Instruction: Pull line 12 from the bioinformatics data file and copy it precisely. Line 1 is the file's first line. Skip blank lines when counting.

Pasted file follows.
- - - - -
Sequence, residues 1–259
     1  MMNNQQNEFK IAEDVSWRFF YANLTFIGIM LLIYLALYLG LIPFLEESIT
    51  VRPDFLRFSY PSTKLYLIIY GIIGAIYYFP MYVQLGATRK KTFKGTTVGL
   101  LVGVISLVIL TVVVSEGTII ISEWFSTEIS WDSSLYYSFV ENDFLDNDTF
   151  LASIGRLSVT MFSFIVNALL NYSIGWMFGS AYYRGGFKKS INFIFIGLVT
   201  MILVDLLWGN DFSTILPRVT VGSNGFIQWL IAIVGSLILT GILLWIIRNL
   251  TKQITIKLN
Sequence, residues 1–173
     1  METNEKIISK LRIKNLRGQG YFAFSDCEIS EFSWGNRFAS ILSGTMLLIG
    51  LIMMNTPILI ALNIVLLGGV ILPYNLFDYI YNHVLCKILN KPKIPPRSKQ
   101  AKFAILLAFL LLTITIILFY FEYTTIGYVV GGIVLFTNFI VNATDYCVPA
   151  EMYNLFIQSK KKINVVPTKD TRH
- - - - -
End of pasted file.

   151  EMYNLFIQSK KKINVVPTKD TRH